Whether you're making an emergency substitution or simply experimenting with new flavors, follow our spice substitute suggestions. As a general rule, start with half the amount the recipe calls for (unless directed otherwise), and add the spice until it suits your taste.

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Spice Substitutes Guide

Allspice, ground: ground cinnamon, dash ground nutmeg, or dash ground cloves

Anise seed: fennel seed or a few drops anise extract

Apple pie spice: For 1 teaspoon, substitute 1/2 teaspoon ground cinnamon plus 1/4 teaspoon ground nutmeg, 1/8 teaspoon ground allspice, and dash ground cloves or ground ginger.

Cardamom, ground: ground ginger

Cinnamon, ground: For 1 teaspoon, substitue 1/4 teaspoon ground nutmeg or ground allspice.

Chili powder: dash bottled hot pepper sauce plus a combination of dried oregano and ground cumin

Cloves, ground: ground allspice, ground cinnamon, or ground nutmeg

Cumin, ground: chili powder

Curry powder: Mix ground tumeric, ground ginger, ground black pepper, ground coriander, ground cumin, and chili powder.

Ginger, ground: ground allspice, ground cinnamon, ground mace, or ground nutmeg (more ground ginger substitutions)

Gingerroot, grated: For 1 teaspoon, substitute 1/4 teaspoon ground ginger.

Mace, ground: ground allspice, ground cinnamon, ground ginger, or ground nutmeg

Nutmeg, ground: ground cinnamon, ground ginger, or ground mace

Poultry seasoning: For 1 teaspoon, substitute 3/4 teaspoon dried sage plus a 1/4 teaspoon blend of any of these: dried thyme, dried marjoram, dried savory, ground black pepper, and dried rosemary.

Pumpkin pie spice: For 1 teaspoon, substitute 1/2 teaspoon ground cinnamon plus 1/4 teaspoon ground ginger, 1/4 teaspoon ground allspice, and 1/8 teaspoon ground nutmeg.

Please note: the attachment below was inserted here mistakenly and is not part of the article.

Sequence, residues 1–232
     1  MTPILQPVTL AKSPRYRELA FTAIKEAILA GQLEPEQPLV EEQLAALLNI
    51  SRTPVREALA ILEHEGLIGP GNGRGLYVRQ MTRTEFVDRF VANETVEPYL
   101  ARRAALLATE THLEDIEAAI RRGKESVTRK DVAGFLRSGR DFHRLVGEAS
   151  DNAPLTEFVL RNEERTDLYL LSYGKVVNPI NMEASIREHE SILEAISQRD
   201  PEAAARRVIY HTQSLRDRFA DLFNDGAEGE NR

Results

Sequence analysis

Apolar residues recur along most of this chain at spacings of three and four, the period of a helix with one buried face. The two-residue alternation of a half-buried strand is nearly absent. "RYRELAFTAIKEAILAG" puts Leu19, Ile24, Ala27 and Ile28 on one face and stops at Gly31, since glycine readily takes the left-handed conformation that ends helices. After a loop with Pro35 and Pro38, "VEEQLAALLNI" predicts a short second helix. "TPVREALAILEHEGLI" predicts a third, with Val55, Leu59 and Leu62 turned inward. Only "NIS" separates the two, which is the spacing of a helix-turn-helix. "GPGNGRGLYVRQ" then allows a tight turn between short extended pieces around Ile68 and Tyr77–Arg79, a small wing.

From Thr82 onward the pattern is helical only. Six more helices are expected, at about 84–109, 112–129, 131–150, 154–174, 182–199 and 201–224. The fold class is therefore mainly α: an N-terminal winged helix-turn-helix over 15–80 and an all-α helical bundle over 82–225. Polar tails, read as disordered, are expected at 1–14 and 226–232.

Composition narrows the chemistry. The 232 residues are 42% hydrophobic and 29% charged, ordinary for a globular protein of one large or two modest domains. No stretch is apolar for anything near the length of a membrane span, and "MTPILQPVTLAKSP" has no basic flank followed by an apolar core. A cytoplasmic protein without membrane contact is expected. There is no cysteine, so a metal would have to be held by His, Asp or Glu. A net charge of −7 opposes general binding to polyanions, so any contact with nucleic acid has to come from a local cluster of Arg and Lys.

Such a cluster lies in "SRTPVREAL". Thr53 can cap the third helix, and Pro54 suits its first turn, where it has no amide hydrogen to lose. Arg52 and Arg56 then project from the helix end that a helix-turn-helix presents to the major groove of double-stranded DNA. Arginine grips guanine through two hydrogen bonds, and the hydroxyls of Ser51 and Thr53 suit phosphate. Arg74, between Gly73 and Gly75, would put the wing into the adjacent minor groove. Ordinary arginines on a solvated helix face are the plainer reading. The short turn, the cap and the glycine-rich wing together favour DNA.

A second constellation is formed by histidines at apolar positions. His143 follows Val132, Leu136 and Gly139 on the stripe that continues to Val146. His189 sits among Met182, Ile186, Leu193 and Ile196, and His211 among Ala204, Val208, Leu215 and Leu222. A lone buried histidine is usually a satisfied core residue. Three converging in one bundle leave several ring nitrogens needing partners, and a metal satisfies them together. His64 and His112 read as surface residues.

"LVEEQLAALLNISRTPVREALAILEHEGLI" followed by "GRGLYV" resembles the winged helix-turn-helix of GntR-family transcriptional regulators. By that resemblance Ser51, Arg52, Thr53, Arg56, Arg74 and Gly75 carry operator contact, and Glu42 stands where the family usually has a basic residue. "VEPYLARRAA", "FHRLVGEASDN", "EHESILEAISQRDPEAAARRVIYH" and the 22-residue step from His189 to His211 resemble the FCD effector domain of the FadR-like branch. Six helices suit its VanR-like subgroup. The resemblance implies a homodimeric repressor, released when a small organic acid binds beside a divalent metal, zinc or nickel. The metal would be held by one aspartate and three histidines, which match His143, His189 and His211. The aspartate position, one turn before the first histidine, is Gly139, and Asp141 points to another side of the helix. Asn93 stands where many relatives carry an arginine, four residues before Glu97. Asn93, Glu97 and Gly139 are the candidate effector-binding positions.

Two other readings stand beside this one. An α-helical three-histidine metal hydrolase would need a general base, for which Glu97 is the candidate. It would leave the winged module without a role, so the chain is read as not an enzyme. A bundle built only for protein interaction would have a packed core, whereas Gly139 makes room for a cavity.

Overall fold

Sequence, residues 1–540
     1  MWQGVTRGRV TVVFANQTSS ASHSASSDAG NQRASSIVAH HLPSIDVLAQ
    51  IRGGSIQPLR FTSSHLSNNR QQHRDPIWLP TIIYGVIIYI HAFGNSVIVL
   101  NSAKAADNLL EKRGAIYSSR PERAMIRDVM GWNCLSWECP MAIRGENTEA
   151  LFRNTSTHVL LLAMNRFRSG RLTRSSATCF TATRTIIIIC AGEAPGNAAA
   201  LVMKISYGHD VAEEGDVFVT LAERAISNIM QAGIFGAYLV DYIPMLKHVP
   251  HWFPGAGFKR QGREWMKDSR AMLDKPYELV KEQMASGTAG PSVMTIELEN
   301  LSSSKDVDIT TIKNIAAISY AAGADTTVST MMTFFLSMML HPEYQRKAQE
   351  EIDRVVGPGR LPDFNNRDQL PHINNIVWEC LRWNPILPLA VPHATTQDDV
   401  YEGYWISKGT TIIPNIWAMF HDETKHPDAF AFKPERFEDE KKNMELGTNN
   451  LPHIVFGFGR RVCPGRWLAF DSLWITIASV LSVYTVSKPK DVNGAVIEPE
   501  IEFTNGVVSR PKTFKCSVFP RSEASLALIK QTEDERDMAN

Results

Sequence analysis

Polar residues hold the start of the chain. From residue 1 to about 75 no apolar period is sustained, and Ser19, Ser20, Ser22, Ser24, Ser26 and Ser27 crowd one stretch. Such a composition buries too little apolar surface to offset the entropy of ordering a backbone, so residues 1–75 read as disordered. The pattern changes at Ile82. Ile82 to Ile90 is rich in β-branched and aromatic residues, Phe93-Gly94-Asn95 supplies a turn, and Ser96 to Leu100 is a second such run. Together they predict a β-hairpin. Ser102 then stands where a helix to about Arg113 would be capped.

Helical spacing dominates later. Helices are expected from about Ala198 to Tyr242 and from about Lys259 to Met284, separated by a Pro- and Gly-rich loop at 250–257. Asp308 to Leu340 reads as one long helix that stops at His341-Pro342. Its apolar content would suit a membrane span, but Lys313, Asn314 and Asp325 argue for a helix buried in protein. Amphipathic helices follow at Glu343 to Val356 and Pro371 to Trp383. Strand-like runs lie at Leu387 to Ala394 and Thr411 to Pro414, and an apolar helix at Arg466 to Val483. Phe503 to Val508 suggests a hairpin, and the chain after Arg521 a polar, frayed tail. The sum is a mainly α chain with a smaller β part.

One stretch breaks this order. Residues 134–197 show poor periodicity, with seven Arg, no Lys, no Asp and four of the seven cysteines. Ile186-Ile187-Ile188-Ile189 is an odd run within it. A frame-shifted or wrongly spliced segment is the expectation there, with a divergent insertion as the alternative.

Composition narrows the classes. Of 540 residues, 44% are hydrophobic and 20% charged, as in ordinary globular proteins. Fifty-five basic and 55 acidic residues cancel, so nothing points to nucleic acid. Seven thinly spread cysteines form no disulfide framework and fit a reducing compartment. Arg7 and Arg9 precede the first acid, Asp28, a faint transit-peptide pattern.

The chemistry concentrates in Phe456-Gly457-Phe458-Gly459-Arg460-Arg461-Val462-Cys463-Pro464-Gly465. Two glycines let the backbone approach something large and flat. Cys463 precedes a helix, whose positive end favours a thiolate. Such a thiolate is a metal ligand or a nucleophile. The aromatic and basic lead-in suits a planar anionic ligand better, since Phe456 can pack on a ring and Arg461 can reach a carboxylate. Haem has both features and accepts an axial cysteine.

Saffron, ground: dash ground turmeric (for color)

Seasoning salt: equal amount of snipped fresh herbs or equal amount of salt-free seasoning blend

Spice blends: garlic powder instead of garlic salt

Thai seasoning: For 1 tablespoon, mix 1 teaspoon ground coriander, 1 teaspoon crushed red pepper, 1/4 teaspoon salt, 1/4 teaspoon ground ginger, 1/4 teaspoon garlic powder, and 1/4 teaspoon onion powder.

Is your ingredient missing from the list? Hop over to our herb substitutes page and check for your substitution there.

Basic Spice Information

Selecting. To guarantee that you are using fresh spices, you should buy them in small quantities and date them. Replace old spices once a year. You can tell if a spice is fresh by its color and aroma. When fresh, most spices have a bright color and a strong aroma when you open the container. If either the color or the aroma seems weak, replace the spice.

Storing. Your spices will keep their flavor longer if they're stored in a cool, dry place. Keep in an air-tight container. Avoid storing in racks or cabinets over the range where they will be exposed to heat and humidity. Whole spices stay fresh for up to 2 years and ground spices about 6 months.

Purchasing. You may prefer to replace all of your ground spices once a year. November and December are particularly good times to replace spices due to supermarket sales for holiday baking.

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